Original, Unmodified Speech #

March 22nd, 2017 (started January 31st, 2017, title known earlier, January 30th, 2017) #

To Recap: The meaning of life I found is to have meaningful connections with other human beings.

The dilemma: Why should I be willing to sacrifice my life to save a single human connection, when living I have the potential to form many more human connections?

My answer: If I was not willing to make sacrifices for someone else, then I would not truly have a meaningful human connection with them. If I was not willing to sacrifice my life for a very strong human connection, then it wouldn’t have truly been a very strong human connection. That means that if I were to continue my life without the sacrifice, then, to me, future meaningful connections lose some of their meaning.

In other words, all future and current human connections would mean significantly less, and to someone with my meaning in life, this would be irreconcilably devastating.

Now to today’s topic: objectifying people. What do I mean? You view people as objects, not as conscious human beings. Try imagining someone else thinking. Put yourself in their mind, and try thinking as if you were them. It’s hard to explain, but the point is that it isn’t possible. They have their own values, hobbies, opinions, memories, etc., that while you might be able to predict, you can’t fully experience. Here’s a bad attempt at an example:

You all know that I enjoy playing Go, and sometimes it just pops into my head. If you were trying to think as if you were me, you might be able to say, “hm… Ofek enjoys playing Go so maybe he’s thinking about it now,” and then start thinking about Go as if you were me, but you wouldn’t be able to just pretend you were me and then suddenly, without consciously thinking about it, have Go pop into your mind.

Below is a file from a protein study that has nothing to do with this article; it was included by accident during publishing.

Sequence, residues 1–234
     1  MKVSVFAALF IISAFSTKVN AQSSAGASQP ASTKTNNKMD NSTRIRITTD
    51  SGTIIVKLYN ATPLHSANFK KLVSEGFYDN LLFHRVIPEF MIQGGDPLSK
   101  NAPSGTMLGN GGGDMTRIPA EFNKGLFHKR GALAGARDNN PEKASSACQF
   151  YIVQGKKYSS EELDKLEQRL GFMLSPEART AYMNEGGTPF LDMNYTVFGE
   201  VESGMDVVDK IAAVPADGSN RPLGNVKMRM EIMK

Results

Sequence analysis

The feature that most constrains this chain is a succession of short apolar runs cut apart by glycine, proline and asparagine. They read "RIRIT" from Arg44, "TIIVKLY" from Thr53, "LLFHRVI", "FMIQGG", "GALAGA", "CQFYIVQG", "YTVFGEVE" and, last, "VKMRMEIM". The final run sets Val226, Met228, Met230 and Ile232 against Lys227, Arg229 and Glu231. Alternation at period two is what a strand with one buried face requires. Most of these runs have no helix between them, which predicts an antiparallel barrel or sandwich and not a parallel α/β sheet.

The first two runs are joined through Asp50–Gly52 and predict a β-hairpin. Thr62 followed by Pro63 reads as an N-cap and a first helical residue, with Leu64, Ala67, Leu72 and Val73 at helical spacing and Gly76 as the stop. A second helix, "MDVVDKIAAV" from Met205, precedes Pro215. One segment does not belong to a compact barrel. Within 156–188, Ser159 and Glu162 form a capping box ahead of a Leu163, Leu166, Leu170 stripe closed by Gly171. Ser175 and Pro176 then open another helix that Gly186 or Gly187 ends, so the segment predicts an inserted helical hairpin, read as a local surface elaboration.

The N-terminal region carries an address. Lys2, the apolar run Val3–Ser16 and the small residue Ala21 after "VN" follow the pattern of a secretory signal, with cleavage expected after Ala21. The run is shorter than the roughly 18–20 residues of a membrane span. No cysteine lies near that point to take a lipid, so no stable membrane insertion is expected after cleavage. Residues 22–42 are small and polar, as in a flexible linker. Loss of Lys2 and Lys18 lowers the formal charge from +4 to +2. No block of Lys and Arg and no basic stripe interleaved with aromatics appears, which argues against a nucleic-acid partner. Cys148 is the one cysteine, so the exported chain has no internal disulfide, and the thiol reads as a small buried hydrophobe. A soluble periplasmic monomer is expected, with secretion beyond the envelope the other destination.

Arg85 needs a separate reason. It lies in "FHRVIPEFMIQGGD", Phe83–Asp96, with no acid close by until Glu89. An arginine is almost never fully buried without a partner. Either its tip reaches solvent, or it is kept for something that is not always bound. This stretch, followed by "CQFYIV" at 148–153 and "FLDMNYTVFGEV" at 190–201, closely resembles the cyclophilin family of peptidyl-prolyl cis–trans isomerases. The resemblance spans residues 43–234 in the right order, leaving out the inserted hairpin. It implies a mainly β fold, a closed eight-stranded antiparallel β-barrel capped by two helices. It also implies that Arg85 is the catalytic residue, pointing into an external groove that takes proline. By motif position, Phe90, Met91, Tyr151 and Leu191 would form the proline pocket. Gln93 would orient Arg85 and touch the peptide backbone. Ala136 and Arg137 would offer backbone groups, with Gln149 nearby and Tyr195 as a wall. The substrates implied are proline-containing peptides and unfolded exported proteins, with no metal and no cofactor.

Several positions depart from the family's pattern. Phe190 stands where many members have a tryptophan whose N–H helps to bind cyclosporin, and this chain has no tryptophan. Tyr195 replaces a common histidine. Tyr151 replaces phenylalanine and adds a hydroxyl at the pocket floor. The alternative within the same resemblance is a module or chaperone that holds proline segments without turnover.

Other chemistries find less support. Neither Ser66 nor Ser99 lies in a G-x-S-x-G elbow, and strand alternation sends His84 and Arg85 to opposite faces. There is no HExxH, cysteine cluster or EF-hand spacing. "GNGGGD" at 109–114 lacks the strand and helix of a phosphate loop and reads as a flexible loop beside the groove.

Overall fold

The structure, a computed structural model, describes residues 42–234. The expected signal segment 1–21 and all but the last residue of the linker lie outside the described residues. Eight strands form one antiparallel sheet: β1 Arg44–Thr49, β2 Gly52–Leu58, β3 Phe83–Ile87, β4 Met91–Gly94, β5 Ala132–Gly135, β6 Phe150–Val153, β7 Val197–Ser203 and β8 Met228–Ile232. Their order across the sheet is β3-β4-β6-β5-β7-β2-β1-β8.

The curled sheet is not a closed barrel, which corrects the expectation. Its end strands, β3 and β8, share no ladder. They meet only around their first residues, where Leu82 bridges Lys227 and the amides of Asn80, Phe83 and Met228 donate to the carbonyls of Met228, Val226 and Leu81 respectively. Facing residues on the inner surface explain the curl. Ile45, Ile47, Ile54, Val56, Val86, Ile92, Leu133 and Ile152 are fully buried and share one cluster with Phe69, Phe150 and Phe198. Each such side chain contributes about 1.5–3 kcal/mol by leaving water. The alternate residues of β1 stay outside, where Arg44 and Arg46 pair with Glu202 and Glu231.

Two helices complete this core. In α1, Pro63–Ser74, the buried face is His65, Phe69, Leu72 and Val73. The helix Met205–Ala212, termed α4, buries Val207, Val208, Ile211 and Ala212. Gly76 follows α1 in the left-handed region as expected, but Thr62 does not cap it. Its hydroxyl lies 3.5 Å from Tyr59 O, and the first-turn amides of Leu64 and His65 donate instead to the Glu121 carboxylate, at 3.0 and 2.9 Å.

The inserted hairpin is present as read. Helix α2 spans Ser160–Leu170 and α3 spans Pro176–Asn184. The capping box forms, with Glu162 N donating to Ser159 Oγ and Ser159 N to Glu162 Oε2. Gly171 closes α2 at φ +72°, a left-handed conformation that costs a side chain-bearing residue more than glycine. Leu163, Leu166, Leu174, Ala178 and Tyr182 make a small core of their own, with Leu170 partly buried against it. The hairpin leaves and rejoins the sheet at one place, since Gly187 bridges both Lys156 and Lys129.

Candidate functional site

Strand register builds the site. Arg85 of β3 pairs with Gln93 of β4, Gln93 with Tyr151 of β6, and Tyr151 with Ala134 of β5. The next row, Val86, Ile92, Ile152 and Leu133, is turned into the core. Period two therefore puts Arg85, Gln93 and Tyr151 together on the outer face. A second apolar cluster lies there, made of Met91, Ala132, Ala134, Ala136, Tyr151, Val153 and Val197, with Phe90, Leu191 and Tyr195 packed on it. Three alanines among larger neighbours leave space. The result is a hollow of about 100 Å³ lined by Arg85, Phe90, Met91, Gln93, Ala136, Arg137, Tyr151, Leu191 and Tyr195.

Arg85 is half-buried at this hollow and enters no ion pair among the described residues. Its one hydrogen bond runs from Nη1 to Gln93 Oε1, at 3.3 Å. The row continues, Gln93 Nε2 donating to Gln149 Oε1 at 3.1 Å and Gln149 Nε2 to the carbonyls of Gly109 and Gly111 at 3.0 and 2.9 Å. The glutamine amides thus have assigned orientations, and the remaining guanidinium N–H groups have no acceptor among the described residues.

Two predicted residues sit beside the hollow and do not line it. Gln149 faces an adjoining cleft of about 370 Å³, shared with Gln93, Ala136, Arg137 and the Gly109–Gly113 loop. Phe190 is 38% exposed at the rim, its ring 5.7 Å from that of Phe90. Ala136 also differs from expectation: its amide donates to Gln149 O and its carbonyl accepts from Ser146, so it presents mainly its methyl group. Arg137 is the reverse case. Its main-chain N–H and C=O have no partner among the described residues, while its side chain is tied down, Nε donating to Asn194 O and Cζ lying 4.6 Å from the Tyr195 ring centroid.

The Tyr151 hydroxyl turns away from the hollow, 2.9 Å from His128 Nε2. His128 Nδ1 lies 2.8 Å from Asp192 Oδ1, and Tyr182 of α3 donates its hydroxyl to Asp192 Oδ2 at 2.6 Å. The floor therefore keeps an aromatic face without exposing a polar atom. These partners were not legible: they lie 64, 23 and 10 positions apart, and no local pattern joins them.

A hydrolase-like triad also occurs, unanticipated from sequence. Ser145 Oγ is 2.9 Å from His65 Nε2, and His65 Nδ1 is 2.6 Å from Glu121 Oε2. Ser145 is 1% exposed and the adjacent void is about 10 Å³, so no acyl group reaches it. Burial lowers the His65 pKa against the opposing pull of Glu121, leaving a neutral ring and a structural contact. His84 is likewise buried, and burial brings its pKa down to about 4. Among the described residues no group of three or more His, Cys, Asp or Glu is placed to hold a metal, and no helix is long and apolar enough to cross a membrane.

What I’m trying to say is: As human beings, we draw our thoughts from all our previous experiences and morals, and while you may be able to predict others’ thoughts, we can’t naturally experience them, or attempt to simulate them.

And of course, I went way off on a tangent. Your mind cannot store every other person you meet as a complete person, it has to simplify everything to be manageable. When you say that someone is nice, you classify them as someone nice (duh).

What’s interesting is how quickly you start classifying people—you start categorizing people into groups from the moment you meet them, you don’t need to get to know them to start classifying them. Let me give you an example: If I’m waiting at a stop sign, and then about to go, when the person to my left doesn’t wait his turn and cuts me off, I’d be pissed off at them and think of them as assholes, just plain awful people.

On the other hand, if I was driving with someone to Safeway, and then they suddenly started coughing up blood, I’d drive as quickly as possible to the nearest hospital, not giving a damn about the traffic laws. Everyone who I cut or disrespect in the road is going to have a bad impression of me, and think of me badly, without caring to inquire as to the reasons behind me cutting them off.

I hate to leave you like this, but I have to end this at some point. The takeaway is—you simplify everything you see, including people, and categorize them (often subconsciously). The implications of this will be covered in a future article. Until then, try thinking of the implications yourself, it’s very possible you will discover something that I overlooked.

Next post #

In the next post, we talk about why to do justify doing ‘altruistic’ things, given the reality that we are all egoists.